Arts and Humanities

Guidelines for In-Class Peer Review

Author: 
Professor David Sorkin, History and Jewish Studies, UW-Madison
Description: 
Professor David Sorkin not only asks students to focus their efforts on global writing concerns like argument, analysis, and clarity, but also gives them specific language for doing so.
Peer Review Instructions<

Peer Review Checklist

Author: 
Janelle Schwartz, English Department, UW-Madison
Description: 
TA Janelle Schwartz uses this worksheet to guide in-class peer review, pushing students to offer specific suggestions to their workshop group members.

This is to give you an idea of the type of things you should be looking for and accomplishing in both your own paper and that of your peer(s).

Guidelines for Peer Reviews

Author: 
Jo Ortel, Art Department, UW-Madison
Description: 
Professor Jo Ortel’s guidelines help students write complete and written responses to their peers’ drafts outside of class.

Guidelines for Peer Review Handout

Putting Together Peer Review Groups

Author: 
Comm-A Instructors
Description: 
The following excerpt, originally intended for Comm-A instructors in the English department, offers some ideas about putting together peer review groups.
There’s little consensus among instructors as to what kind of student combinations make for the best peer workshop groups.

Preparing for Student-Teacher Conferences

Author: 
Professor Steve Stern, Department of History, UW-Madison
Description: 
Many instructors have found that student-teacher conferences become more productive when the student is as prepared for them as the teacher is. Here are two examples of handouts instructors have used to help students prepare for one on one conferences.
Example #1

NAME:

APPOINTMENT DAY AND TIME:

Using a Reverse Outline to Revise

Author: 
Rebecca Schoenike Nowacek, WAC Program, UW-Madison
Description: 
Rebecca Schoenike Nowacek describes a technique for helping students improve the organization of their papers by encouraging them to think about the paper more as readers and less as writers.
What is a reverse outline?
If a regular outline is something you write before you draft out your paper, a reverse outline is something you do after you write a

From Topic to Thesis

Author: 
Tisha Turk, Gender and Women's Studies, UW-Madison
Description: 
Students may do a good job of coming up with a suitable thesis or argument, but how can instructors help students to move beyond the obvious or the ordinary? In this handout, instructor Tisha Turk shows her students what she’s thinking as she reads their ideas to help them understand reader expectations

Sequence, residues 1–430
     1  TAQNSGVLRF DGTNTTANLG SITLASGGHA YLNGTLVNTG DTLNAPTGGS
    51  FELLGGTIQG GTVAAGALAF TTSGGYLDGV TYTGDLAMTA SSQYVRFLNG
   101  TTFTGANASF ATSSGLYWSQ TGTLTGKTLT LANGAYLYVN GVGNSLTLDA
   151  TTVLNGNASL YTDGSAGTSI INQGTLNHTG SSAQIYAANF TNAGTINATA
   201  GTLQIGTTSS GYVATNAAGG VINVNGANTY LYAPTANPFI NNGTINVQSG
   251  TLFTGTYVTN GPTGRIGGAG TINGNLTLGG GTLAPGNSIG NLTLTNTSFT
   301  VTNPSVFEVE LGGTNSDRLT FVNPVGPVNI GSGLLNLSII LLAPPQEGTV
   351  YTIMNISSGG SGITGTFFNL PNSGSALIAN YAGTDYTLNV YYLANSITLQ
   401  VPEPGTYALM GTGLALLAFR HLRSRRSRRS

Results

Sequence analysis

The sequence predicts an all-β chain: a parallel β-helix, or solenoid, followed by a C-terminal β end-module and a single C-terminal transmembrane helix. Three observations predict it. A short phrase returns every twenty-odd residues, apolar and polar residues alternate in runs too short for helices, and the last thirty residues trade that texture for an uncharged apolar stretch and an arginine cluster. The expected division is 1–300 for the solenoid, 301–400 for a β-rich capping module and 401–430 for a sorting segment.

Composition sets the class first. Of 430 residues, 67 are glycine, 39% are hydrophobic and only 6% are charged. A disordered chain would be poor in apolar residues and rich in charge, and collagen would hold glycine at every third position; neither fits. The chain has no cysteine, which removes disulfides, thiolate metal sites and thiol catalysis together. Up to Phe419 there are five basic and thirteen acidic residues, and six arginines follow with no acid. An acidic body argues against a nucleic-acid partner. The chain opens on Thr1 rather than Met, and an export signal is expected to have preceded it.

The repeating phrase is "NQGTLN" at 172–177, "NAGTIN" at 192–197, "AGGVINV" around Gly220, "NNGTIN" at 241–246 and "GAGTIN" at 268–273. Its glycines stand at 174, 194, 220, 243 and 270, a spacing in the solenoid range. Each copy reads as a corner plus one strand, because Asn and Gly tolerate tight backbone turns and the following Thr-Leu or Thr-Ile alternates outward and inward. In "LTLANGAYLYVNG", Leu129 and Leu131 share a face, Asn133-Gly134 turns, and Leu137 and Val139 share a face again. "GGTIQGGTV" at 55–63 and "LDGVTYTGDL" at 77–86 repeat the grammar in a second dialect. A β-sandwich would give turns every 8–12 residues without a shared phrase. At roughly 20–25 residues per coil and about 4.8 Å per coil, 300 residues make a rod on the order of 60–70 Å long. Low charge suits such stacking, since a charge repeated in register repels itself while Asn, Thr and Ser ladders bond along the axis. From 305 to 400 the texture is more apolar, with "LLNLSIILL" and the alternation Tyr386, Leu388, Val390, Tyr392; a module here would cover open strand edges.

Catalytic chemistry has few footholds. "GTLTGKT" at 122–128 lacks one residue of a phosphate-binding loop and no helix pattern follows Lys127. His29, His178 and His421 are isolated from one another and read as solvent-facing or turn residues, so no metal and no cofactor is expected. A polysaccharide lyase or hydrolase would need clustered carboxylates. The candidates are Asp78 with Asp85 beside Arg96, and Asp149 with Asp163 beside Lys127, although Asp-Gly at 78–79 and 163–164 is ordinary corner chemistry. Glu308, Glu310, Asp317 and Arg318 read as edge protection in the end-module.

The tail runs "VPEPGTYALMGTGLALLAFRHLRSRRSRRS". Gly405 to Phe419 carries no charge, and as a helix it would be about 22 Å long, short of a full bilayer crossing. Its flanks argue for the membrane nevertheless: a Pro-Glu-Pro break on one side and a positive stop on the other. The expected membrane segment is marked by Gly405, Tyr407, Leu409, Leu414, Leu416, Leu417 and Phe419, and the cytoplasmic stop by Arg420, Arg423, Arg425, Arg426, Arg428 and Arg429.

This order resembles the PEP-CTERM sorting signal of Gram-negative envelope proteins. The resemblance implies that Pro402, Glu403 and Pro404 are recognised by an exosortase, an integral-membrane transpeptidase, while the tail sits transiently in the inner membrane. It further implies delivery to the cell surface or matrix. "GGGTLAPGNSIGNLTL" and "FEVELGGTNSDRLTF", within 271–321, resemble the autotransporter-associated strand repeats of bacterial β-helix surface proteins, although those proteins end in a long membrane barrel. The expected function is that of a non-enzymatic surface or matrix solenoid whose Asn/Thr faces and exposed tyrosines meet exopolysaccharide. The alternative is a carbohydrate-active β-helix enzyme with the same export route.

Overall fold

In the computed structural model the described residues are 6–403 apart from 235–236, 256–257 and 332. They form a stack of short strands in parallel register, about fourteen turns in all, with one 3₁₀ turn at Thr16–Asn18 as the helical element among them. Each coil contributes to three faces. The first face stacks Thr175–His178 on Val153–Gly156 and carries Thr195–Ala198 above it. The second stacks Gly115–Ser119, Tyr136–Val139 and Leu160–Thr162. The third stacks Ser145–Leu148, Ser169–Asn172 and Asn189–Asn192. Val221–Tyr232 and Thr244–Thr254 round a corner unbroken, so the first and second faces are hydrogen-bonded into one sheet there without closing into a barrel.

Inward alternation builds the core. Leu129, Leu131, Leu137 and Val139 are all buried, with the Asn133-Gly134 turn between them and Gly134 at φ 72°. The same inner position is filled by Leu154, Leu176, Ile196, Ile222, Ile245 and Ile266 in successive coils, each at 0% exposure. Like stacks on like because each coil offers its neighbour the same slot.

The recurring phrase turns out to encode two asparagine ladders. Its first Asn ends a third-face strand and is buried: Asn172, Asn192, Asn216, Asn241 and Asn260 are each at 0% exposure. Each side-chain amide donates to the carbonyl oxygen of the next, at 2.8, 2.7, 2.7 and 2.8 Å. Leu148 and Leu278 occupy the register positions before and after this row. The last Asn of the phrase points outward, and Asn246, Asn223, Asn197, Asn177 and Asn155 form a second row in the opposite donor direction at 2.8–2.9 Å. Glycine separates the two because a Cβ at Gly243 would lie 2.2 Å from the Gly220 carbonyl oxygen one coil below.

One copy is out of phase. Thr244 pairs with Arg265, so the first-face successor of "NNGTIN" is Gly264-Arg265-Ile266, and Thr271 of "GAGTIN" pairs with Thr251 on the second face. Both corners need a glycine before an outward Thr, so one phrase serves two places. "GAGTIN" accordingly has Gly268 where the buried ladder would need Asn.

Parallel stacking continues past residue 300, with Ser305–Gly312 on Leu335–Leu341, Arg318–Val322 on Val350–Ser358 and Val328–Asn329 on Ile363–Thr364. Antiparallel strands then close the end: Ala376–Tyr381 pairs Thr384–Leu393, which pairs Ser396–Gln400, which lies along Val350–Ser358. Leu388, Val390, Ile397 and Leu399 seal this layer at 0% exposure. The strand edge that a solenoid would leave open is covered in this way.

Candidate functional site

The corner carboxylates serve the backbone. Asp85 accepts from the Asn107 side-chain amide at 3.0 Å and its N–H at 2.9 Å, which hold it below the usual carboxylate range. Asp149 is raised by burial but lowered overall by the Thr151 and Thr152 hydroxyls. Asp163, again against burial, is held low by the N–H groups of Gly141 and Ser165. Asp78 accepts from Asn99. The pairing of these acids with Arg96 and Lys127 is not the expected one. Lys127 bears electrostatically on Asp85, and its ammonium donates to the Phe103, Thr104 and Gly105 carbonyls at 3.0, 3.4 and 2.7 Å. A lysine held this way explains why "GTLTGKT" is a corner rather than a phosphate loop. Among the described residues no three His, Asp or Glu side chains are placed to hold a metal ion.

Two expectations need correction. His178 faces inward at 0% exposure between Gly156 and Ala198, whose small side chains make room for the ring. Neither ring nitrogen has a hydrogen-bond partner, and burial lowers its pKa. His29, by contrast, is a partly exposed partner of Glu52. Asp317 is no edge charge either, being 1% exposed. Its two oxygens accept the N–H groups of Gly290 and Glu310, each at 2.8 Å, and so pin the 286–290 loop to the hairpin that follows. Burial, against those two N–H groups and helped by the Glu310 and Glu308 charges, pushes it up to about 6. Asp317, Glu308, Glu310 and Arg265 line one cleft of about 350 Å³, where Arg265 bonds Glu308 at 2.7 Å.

A well-constructed thesis statement helps hold an essay together by showing the reader where the paper is going to go.

In-class Discussions of Student Writing: Maximizing the Effectiveness of Your Writing Lessons and Minimizing the Class Time You Use for Them

Author: 
Molly Peeney, Slavic Languages and Literature, UW-Madison
Description: 
Instructor Molly Peeney gives step-by-step instructions for leading in-class discussions of student writing. She has used the following format for Literature in Translation 204. 

Using student writing samples as the basis of your in-class discussions about writing is an effective method to teach writing and it saves you time. Why?

Helping Your Students Improve Their Writing and Their Learning

Author: 
Brad Hughes, UW-Madison WAC Program
Description: 
Here are some suggestions, based on research and experience, for improving your students' writing--and for improving the experience you have assigning, reading, and responding to it.

While many of these principles and techniques take time to implement, and some may be logistically impossible in large classes, they have proven successful here and at many other schools in courses

Creative Writing Assignments in African Languages and Literature

Author: 
Linda Hunter
Description: 
The following examples from Professor Linda Hunter's course illustrate how innovative writing assignments can be incorporated into a class.

There will be five exercises in writing, which together will count for 20% of the final grade.

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